Spotlight: Bad North

During the Nintendo Switch Nindies Showcase back in March, publisher Raw Fury and developer Plausible Concept surprised us all by announcing that their minimalistic, real-time tactics roguelite, Bad North, would be coming first to Nintendo Switch. The game was given a loose release window of “Summer 2018,” but as that timeframe started to get smaller and smaller with absolutely no clarifying date, many started to believe that we were headed towards news of a delay. This past week, however, at the onset of GamesCom 2018, Bad North showed up in a surprise Nindies Showcase that only aired in the UK, which brought news not of a delay, but of a surprise global release. As promised, Bad North released on Nintendo Switch first, but as of today it’s now available for Xbox One and PS4 as well, with PC, iOS, and Android to follow suit sometime later this year. Since its release, Bad North has been praised by critics and players alike for its minimalistic art style, its easy-to-learn mechanics, and its surprising depth. We’ve been playing it for a little over a week now, and we couldn’t be more in love.

The first time you fire it up, Bad North presents you with a small island and two groups of soldiers. This is your home, and it’s under attack. Vikings—who seem hell-bent on destroying everyone and everything in their path—arrive on boats, slowly at first, with increasing speed and quantity as time ticks on. To defeat them, you must tell your troops where on the grid to position themselves, when to flee, and when to rest, all in an effort to survive until the last boat full of Vikings is vanquished. Success is rewarded by a set number of coins for each home saved that can be distributed amongst any surviving units, and death marks the end of the journey. After all of your available units have defended an island, be they successful or dead, they must all rest before departing for the next. This routine makes up the entirety of the game, challenging island after island until the hordes of Vikings strike down your last unit, or your reach the end (something I still haven’t been able to do, and am not totally sure is even possible).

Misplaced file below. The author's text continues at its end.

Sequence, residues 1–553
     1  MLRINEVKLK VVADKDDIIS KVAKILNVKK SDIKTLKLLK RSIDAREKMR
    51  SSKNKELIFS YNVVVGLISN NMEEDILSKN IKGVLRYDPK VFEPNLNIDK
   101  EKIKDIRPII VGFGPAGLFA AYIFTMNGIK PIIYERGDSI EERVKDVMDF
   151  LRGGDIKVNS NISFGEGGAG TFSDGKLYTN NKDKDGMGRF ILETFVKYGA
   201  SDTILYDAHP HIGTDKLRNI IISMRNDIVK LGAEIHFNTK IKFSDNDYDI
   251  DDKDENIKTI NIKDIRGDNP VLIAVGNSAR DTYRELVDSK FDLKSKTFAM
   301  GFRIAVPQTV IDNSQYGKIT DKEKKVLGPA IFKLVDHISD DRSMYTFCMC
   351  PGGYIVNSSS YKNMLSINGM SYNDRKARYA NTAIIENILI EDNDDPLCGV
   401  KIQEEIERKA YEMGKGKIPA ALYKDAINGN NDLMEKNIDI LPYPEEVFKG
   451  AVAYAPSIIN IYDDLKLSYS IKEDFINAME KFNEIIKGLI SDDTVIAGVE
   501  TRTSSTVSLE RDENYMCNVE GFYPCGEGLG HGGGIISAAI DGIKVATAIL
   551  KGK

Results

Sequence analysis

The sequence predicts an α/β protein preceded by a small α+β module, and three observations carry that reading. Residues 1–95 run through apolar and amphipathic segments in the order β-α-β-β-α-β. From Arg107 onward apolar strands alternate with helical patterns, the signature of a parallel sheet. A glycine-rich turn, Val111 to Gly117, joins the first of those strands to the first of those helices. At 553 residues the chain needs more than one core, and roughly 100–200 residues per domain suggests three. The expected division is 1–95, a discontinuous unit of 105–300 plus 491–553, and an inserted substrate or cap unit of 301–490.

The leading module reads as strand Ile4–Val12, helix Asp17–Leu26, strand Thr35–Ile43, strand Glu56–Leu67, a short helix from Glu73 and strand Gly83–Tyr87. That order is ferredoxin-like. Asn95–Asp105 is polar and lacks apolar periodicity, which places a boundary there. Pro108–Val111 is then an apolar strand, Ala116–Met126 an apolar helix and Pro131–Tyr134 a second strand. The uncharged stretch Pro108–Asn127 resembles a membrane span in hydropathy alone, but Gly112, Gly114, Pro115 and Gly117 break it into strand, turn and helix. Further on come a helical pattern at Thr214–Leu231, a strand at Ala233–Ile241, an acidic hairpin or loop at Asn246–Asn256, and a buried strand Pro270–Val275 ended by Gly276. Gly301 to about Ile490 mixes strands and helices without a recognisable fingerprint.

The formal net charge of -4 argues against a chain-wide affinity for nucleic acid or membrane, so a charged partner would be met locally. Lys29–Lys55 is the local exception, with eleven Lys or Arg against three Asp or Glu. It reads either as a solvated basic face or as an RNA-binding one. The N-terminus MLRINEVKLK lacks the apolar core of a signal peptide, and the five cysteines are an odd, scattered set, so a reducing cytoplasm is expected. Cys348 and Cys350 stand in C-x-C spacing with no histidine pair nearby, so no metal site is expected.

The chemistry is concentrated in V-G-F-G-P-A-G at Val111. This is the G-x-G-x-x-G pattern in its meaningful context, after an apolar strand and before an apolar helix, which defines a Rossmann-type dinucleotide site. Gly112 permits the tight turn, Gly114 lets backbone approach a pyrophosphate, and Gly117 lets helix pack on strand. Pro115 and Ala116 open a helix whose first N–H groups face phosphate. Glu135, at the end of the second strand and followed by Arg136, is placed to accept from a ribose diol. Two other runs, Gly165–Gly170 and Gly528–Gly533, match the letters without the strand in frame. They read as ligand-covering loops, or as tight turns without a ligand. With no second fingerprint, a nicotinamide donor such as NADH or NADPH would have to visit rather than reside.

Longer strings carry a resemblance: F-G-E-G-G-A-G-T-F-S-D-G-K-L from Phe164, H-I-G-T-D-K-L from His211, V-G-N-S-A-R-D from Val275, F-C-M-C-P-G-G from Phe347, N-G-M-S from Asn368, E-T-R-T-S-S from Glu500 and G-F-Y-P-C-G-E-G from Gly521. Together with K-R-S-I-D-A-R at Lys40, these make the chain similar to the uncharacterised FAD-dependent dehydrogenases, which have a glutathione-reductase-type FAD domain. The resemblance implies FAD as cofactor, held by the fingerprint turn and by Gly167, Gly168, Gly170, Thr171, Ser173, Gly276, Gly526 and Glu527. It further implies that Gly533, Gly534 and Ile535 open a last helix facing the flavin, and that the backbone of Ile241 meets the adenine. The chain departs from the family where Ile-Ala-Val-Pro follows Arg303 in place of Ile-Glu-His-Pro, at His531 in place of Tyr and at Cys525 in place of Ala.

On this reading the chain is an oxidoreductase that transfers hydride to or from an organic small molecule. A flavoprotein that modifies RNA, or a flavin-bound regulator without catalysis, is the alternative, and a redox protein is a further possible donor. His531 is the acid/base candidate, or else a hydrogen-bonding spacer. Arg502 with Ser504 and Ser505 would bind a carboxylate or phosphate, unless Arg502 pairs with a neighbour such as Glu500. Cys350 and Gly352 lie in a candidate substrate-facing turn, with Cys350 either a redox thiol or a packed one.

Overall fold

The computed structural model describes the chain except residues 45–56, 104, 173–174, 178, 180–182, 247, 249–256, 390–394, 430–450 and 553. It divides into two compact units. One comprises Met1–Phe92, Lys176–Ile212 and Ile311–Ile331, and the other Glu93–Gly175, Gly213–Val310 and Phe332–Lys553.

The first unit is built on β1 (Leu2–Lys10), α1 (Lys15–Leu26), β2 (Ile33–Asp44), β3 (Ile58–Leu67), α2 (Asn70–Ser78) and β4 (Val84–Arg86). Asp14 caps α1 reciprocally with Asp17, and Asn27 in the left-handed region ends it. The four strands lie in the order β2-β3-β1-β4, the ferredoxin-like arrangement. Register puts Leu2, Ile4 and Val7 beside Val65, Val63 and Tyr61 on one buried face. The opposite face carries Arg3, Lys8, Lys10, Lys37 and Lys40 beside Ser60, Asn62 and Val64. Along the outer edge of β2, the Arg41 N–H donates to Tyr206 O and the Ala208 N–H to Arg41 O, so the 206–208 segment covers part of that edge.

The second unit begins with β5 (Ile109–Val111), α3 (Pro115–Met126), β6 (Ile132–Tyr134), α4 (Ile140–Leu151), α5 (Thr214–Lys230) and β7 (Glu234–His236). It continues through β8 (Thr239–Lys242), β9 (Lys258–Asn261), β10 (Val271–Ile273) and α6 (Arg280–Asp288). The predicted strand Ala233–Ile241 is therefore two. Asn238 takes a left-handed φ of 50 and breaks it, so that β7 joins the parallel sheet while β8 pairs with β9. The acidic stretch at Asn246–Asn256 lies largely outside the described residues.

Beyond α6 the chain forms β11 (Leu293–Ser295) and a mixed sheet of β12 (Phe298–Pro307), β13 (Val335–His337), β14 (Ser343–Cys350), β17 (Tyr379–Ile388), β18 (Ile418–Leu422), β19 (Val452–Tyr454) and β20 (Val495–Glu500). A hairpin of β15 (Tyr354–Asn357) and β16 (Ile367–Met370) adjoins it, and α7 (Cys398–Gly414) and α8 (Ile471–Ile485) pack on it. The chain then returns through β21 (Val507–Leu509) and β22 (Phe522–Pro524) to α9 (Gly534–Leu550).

Additional units and special items can be collected along the way, depending on what path you takes, and the coins earned from successfully defended islands are used to upgrade units and giving them special abilities. For instance, when you save up enough coins you can arm a unit with bows, pikes, or shields, each of which upgrade and inform the tactics necessary to quell the waves of Vikings. But don’t be deceived; as you upgrade your army, so, too, do the Vikings. They will send archers, shield-bearers, and giant men that can knock fling even your best your units across the field with a single swipe. The farther you go, the tougher and more varied your enemies get, and while the difficulty curve that results from this may be steep, it’s here that the game’s tactical depth truly shines.

It’s easy to settle in and feel relaxed in Bad North—what with its gorgeous art style and nuanced soundtrack—but as soon as you start thinking you understand the game enough to outsmart it, it will do something new that surprises you, kills you, and haunts you as you begin again from the very beginning. Bad North is tough as nails, but it remains challenging in a way that’s fun, feels fresh, and never seems to tire.

Bad North is available now on Nintendo Switch, Xbox One, and PS4. It will release first to Discord on PC later this year. iOS and Android versions are planned, but do not yet have a release window.

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